Computed Corpuscle Sectioning
Computed Corpuscle Sectioning is a general method for determining the volume, profile area, and perimeter of a slab section of any computer-modeled three-dimensional object in any orientation and at any position. It was originally developed as a model of cell nuclei in a tissue section in conjunction with the Reference Curve Method for correcting ploidy measurements by image analysis in a tissue section, but it is useful for evaluating any algorithm that corrects ploidy measurements for the effect of sectioning. Computed Corpuscle Sectioning has obvious pertinence to stereology, but has not been exploited in that field. The patents on this method (U.S. Patent numbers 5,918,038, 6,035,258, and 6,603,869) are no longer in force.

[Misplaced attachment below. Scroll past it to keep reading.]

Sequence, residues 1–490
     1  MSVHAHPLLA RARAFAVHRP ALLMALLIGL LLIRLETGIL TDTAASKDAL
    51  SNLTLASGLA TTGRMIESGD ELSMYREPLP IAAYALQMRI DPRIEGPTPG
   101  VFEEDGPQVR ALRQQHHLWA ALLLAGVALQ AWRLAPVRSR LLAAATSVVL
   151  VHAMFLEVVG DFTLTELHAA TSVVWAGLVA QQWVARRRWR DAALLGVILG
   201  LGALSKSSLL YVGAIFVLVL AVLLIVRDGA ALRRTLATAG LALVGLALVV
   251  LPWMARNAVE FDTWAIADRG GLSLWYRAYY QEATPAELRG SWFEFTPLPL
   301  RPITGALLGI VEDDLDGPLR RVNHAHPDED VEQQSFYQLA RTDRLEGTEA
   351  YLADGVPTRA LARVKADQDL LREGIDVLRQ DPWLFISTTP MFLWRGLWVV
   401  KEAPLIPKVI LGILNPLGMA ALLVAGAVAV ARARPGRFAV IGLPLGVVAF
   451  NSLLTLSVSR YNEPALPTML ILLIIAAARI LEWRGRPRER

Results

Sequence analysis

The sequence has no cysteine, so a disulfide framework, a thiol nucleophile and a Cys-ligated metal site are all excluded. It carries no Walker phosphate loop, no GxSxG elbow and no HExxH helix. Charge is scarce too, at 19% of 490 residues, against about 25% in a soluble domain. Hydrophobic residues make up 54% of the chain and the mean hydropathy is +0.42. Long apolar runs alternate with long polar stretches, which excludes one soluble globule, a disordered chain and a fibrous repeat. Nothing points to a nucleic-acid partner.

Additional recommended knowledge
- Freed JA. Possibility of correcting image cytometric DNA (ploidy) measurements in tissue sections: Insights from computed corpuscle sectioning and the reference curve method. Analyt Quant Cytol Histol 19(5):376-386, 1997.
- Freed JA. Improved correction of quantitative nuclear DNA (ploidy) measurements in tissue sections. Analyt Quant Cytol Histol 21(2):103-112, 1999.
- Freed JA. Conceptual comparison of two computer models of corpuscle sectioning and of two algorithms for correction of ploidy measurements in tissue sections. Analyt Quant Cytol Histol 22(1): 17-25, 2000.